You know how distracted driving is a leading cause of traffic accidents? Rather than restructure roadways and build cars that generate a terabyte of data every hour, why don’t we just disable cell phones in cars? Reams of studies show that making roads narrower increases safety (not to mention ancillary benefits, like reducing the cost of maintenance, and leaving more room for pedestrians). Roundabouts like the one in my neighborhood are a safer, more efficient, and cheaper alternative to stoplights.
What these solutions have in common is that they acknowledge human behavior (how people drive) and facilitate improved driving practices. What they also have in common is that they’re not revolutionary, they probably won’t be discussed by a panel at the Aspen Institute, and they don’t provide an obvious means for anyone to make money.
When it comes to self-driving cars, Crawford says we’ve fallen under the grip of “futurism,” a “genre of mythmaking that seeks to generate a feeling of inevitability around some desired outcome, a picture that is offered as though it were a prediction…One must accept the future rather than ‘cling to the past.’”
Futurism is diametrically opposed to Michael Oakeshott’s elegant notion of conservatism: “not hankering after the past nor fear of the future, but rather affection for the present. One cherishes what actually exists, because one sees the value in it.” Crawford seems to see in such conservatism the seeds of resistance to actors who, motivated by profit, would monitor and orchestrate our lives under the guise of safety, convenience, and order.
Such conservatism is also a tonic for the bitter remedies cooked up by so much modern philanthropy. Raise your hand if you’ve ever heard a philanthropist talk about the coming “solutions” that will be enabled by “big data,” or if you’ve ever been promised that we’re “on the cusp” of a “new era” in some realm of life.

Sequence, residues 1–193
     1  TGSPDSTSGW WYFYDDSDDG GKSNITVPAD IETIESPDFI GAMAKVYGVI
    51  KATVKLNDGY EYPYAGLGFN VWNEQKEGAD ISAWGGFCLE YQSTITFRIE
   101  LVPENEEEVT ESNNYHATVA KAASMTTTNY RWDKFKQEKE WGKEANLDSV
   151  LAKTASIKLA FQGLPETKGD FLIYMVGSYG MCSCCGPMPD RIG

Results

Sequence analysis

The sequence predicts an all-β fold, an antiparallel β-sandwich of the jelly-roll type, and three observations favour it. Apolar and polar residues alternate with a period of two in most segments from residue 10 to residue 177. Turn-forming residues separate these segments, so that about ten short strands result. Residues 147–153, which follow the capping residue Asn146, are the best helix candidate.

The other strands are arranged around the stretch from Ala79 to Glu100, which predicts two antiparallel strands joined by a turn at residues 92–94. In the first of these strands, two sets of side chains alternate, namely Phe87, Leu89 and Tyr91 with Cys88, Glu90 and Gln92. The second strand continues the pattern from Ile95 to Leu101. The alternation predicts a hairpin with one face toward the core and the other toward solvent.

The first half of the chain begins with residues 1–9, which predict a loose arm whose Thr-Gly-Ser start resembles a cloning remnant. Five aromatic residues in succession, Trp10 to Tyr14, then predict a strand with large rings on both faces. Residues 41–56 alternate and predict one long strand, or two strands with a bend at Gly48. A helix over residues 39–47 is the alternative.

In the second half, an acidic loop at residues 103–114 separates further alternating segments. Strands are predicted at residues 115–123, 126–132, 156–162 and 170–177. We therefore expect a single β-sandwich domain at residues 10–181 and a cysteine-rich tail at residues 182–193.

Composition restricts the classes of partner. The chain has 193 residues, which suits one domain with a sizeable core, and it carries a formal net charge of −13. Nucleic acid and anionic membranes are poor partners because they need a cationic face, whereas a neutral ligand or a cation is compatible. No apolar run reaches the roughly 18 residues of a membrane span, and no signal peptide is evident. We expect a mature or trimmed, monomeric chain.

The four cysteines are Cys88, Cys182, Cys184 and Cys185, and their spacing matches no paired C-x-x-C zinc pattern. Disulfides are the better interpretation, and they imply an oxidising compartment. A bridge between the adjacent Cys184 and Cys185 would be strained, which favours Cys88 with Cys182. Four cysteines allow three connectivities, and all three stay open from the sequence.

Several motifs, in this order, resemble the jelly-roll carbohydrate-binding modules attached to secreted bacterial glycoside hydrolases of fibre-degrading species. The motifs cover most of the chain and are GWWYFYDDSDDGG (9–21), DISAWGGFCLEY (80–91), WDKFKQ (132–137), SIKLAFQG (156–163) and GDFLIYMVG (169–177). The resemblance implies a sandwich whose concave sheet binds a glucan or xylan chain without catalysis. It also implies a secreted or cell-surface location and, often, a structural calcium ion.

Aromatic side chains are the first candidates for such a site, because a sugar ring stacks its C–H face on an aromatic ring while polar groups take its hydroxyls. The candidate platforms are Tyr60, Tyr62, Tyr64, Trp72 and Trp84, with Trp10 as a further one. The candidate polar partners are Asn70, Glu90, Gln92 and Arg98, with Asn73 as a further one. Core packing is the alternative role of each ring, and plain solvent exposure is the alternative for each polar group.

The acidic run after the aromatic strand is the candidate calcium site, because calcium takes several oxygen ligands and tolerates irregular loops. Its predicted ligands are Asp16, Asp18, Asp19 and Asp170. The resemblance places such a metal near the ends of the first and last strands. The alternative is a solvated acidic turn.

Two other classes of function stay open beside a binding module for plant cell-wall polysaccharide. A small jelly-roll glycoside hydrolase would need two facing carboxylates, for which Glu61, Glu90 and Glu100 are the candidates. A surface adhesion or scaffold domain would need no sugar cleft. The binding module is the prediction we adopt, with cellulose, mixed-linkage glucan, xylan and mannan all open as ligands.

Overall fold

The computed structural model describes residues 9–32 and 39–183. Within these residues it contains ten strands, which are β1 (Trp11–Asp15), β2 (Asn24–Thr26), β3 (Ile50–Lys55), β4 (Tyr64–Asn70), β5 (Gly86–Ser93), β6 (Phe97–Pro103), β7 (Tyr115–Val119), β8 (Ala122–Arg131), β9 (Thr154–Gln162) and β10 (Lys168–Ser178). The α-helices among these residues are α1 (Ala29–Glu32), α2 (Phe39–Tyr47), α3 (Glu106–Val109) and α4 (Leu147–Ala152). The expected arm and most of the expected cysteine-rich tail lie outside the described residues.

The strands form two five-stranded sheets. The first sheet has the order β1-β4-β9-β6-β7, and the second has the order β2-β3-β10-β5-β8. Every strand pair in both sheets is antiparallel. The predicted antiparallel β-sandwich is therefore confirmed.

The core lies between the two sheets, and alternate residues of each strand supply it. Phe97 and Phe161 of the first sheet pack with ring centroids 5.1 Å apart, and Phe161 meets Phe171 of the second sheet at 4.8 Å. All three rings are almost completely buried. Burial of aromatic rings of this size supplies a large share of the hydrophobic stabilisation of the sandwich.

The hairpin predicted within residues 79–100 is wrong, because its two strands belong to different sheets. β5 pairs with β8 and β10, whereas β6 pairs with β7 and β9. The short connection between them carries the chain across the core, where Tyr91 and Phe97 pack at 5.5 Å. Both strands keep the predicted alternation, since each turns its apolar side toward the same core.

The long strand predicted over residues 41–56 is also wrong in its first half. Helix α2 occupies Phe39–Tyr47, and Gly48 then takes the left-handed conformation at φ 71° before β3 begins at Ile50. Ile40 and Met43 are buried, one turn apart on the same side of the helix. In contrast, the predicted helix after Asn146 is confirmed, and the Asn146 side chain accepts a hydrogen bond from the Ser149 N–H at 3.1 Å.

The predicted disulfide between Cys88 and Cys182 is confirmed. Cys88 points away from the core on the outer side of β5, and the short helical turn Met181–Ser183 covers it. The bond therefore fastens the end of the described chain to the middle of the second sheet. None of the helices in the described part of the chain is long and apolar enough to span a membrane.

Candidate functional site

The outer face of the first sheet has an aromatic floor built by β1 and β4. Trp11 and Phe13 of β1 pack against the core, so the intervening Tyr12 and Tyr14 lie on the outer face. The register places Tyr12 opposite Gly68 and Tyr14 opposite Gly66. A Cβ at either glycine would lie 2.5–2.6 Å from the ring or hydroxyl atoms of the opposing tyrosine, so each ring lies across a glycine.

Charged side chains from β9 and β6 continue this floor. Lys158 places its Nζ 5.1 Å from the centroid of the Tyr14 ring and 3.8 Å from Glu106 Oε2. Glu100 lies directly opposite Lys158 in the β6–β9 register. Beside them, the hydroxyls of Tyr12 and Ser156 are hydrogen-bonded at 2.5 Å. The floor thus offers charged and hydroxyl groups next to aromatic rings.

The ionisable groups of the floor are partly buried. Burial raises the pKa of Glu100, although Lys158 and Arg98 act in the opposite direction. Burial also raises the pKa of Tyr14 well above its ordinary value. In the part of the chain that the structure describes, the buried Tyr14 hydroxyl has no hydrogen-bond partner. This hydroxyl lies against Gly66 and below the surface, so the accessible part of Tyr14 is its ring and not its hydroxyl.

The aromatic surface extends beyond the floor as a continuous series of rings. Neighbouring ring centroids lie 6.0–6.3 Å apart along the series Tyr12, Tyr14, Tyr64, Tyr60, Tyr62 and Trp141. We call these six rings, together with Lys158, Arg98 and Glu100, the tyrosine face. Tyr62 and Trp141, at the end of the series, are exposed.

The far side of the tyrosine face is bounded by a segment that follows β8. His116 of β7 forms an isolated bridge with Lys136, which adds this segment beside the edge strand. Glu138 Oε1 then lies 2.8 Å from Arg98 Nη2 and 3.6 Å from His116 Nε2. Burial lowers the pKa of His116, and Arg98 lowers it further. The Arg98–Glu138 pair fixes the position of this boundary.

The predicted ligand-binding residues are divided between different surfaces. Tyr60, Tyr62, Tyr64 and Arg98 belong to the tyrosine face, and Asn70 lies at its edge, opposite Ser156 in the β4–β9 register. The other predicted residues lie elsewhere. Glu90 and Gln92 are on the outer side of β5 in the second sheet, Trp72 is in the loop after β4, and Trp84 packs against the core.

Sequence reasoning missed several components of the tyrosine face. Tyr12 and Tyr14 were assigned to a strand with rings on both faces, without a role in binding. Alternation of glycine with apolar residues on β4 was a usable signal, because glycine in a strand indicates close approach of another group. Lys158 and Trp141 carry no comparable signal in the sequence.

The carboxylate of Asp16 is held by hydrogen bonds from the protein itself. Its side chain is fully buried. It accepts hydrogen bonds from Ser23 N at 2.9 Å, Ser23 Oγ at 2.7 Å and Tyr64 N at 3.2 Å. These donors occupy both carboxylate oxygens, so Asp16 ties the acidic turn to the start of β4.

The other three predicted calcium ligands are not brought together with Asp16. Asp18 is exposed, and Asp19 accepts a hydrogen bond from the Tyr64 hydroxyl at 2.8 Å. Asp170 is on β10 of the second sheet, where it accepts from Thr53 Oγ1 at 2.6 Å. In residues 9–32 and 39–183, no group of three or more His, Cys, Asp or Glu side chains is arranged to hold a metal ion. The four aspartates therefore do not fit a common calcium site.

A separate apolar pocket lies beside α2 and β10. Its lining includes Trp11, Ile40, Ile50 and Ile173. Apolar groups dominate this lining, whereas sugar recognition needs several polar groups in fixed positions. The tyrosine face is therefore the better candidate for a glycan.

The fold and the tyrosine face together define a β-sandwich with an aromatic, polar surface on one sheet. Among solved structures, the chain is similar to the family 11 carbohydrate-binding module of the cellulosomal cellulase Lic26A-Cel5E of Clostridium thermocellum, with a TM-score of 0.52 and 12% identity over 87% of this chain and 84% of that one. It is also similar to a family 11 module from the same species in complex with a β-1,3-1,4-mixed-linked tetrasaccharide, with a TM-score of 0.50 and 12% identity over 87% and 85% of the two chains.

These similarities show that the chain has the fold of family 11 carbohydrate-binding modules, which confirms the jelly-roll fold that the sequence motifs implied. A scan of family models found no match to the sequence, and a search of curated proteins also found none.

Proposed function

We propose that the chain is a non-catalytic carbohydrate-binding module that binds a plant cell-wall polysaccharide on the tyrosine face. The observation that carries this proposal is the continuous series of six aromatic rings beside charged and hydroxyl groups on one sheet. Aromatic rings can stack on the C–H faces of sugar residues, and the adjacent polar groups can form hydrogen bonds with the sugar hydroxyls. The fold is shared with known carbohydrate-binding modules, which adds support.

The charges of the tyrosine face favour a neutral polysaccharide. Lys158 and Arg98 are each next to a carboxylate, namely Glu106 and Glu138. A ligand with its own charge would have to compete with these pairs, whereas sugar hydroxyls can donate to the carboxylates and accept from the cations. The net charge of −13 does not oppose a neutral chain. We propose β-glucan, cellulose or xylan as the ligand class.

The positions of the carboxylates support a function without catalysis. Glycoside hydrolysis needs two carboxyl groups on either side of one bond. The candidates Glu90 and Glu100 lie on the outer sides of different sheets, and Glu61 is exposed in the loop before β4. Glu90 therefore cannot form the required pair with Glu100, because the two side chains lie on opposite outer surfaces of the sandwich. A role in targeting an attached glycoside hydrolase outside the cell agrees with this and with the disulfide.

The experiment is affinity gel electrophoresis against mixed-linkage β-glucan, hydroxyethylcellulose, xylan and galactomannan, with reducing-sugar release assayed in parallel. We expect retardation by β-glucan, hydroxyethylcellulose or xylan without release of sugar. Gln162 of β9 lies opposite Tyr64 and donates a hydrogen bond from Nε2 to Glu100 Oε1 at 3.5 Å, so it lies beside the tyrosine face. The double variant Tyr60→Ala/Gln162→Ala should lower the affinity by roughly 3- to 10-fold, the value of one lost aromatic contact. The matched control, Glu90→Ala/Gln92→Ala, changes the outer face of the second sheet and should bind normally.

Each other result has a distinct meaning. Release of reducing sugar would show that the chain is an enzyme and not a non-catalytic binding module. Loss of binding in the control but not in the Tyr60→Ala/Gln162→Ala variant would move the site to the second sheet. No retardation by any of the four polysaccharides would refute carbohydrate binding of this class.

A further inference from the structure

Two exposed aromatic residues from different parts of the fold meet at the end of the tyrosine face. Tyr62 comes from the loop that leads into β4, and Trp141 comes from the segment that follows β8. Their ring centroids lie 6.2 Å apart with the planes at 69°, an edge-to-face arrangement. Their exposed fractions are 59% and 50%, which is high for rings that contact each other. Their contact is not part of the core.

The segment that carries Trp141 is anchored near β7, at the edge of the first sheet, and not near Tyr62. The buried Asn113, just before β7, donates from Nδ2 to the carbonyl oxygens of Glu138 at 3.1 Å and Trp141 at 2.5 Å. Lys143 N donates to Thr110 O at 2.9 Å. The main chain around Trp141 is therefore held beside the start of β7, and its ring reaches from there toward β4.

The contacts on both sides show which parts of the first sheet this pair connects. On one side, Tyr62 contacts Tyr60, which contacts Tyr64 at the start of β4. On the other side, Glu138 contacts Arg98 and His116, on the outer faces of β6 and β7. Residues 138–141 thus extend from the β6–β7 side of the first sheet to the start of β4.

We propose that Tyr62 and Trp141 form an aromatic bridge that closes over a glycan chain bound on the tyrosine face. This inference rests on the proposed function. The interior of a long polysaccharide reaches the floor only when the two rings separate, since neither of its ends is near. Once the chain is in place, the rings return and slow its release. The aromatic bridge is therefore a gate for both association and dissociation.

Too often, the prophecies of philanthropists seem rooted in quiet contempt for way we live—for our habits, affections, and rituals, not to mention our so-called inefficiencies and irrationalities. Don’t get me wrong. You would have to be a fool to look at the world and not conclude that things are deeply out of whack. To believe in the fundamental adequacy of the present is not to hate progress, nor is it to excuse current injustices. But it does demand that we look askance at wooly-minded declarations from “thought leaders” about the bright shining future just over the horizon, the one that we’ll reach when we’ve beaten all the kinks out of human nature.
“The common good may be understood in this way, as something enacted by particular people who are fully awake,” writes Crawford, echoing Illich. We all have different ideas of what it means to be awake. For Crawford, it entails leaning into turns on his motorcycle. For you, it probably requires some other practice. Whatever it looks like, it’s rooted in affection and engagement. It’s something you do.
No one can be awake for you. The common good is not something that can be managed or constructed or cleverly programmed on your behalf. You must contribute to your particular piece of it, in your own particular way. As must I. If we don’t, cars will likely be the least of our problems, no matter who’s driving.